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The partition of India was one of the most traumatic events of the twentieth century. The Radcliffe Line, which severed Punjab into two--East Punjab on the Indian side and West Punjab on the Pakistan side-- resulted in the greatest displacement of human population in human memory.

Today, both India and Pakistan are nuclear powers. While a large majority of the people live below the poverty line, both countries spend a huge proportion of their budgets on purchase of armaments. Ironically, while hawks on both sides, from time to time, raise the battle-cry, there are today, vibrant, growing and vociferous voices on both sides of the border in favour of peace.

During the last several years politicians, lawyers, businessmen, media persons and eminent public personalities and peace activists have been crossing the Attari-Wagah border and speaking out for peace, harmony and friendship. The Museum of Peace, it is hoped, will add strength to these efforts by reminding the people of the common ties that bind them and their stake in a peaceful future.


The Attari-Wagah, Indo-Pak border checkpoint is located almost midway between Amritsar in Indian Punjab and Lahore in Pakistan Punjab. The Attari-Wagah checkpost is to India and Pakistan what "Check Point Charlie" was to East and West Berlin. Till recently, it was the only operational border crossing between India and Pakistan.

The Attari-Wagah border was witness to some of the most gruesome and horrendous violence on the eve of partition in August 1947. Between August-October 1947, the entire Punjab was in the grip of bloody, communal violence which resulted in Muslims travelling west to Pakistan and Hindus and Sikhs towards East in India. Nearly ten million people crossed the Punjab border. The estimates of deaths vary between half million to two million.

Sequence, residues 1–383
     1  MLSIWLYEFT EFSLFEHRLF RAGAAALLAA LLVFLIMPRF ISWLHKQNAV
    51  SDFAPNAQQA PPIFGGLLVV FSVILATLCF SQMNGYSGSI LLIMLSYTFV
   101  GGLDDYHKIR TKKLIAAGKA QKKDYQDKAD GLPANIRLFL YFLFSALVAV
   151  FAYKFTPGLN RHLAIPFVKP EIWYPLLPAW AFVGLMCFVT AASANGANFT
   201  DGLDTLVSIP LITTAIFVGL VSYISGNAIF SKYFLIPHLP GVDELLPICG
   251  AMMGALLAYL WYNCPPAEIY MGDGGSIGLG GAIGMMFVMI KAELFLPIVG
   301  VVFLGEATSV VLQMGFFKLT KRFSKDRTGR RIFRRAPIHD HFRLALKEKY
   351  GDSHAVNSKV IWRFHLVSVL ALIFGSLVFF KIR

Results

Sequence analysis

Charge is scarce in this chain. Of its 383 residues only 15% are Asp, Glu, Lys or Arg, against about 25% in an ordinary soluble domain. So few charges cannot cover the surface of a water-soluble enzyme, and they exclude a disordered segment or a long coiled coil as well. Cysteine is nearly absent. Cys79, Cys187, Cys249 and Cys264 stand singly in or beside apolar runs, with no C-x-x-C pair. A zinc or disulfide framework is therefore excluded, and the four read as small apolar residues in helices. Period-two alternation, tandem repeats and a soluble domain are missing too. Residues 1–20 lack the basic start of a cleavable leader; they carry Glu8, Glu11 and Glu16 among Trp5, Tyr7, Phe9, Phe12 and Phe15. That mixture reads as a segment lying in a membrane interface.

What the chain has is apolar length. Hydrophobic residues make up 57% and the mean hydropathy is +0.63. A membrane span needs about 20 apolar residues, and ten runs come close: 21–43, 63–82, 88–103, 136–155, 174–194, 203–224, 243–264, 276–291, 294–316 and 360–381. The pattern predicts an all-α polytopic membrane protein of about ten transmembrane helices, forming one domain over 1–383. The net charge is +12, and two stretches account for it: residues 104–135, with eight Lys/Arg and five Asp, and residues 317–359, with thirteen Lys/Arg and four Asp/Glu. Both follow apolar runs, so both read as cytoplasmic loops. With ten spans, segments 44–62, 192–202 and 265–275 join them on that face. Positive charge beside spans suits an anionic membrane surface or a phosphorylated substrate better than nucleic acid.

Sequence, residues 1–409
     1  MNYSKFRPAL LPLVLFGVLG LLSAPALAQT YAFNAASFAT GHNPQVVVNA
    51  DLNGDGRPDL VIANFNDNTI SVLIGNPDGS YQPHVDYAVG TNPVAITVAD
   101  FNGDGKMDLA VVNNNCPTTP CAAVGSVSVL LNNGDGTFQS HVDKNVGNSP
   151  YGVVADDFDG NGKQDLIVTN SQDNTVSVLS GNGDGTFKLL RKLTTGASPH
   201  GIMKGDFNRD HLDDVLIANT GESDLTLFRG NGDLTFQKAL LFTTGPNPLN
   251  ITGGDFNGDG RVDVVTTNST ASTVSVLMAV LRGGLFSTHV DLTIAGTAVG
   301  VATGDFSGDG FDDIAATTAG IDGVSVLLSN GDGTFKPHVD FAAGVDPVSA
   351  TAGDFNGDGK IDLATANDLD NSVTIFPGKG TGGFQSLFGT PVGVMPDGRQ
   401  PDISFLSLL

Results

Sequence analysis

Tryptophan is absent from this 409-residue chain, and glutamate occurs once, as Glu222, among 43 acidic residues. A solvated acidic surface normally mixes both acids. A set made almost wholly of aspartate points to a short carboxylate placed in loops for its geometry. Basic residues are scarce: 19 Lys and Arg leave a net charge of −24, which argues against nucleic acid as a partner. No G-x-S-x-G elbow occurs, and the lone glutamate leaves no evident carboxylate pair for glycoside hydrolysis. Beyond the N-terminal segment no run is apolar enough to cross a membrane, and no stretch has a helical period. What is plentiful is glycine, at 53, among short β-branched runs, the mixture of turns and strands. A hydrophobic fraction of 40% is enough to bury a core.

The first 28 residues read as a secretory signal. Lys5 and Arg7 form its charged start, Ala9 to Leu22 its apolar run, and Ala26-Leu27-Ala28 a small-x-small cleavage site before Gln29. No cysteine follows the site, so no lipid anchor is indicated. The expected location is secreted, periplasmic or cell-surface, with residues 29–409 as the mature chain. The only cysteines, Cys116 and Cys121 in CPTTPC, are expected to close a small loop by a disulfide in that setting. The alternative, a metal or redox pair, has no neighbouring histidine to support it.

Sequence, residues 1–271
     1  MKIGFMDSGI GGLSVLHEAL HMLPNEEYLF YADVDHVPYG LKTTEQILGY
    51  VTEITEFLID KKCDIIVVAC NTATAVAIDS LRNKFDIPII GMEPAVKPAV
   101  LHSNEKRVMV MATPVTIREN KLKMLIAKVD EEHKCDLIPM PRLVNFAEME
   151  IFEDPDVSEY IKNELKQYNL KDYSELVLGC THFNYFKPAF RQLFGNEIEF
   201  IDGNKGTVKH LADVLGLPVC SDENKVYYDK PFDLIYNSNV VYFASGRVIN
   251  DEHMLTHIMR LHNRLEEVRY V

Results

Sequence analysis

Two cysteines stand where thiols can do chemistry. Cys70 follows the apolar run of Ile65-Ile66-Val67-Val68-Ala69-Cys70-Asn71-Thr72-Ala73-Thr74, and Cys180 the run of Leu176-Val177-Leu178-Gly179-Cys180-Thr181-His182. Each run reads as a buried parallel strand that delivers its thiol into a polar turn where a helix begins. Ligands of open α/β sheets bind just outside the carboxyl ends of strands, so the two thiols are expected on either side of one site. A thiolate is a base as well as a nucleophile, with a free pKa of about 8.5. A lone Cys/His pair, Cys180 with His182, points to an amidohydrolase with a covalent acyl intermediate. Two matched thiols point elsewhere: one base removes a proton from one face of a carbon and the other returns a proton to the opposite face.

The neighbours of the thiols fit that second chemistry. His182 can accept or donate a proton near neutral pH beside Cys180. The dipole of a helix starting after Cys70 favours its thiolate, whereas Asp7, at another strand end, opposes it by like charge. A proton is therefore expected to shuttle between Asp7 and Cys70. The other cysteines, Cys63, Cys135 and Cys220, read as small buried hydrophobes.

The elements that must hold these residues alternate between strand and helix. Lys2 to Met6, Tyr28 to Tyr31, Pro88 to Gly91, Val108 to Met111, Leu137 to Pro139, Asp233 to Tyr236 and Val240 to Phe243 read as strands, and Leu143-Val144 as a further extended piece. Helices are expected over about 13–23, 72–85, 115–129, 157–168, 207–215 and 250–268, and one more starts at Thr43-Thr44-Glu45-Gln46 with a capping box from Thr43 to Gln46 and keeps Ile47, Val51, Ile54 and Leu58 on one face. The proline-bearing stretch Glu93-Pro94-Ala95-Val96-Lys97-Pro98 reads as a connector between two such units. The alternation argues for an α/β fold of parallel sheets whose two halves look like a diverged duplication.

Today, the Attari-Wagah border attracts nearly 8,000 visitors on the Indian side and another 2,000 on the Pakistan side daily to witness the famous "Beating the Retreat Ceremony". This ceremony is a daily ritual where the Pakistani and Indian flags are lowered amidst a spectacle of aggression, bordering on hostility. The nationalist and jingoist slogans, which accompany this ceremony, draw an enthusiastic response from the crowds on both sides of the border.

To draw people away from the culture of war slogans and the environment of hostility and hate, the Museum of Peace at the Attari-Wagah border will rekindle the hope of our people in a peaceful future.

Liberty and freedom of movement are inalienable rights of every human being. Barriers and barricades erected at the borders do not merely divide boundaries but also people who become hostages and pawns in diplomatic power-play.

Twenty years ago in Berlin, in a unique assertion of the power of the people, the world witnessed the historic demolition of the Berlin Wall which had forcibly divided a people bound together by a common history, culture, tradition and family relationships.

It is on the people again that we must pin our faith that sometime in the near future we will have at Attari-Wagah A BORDER WITHOUT BARRIERS!
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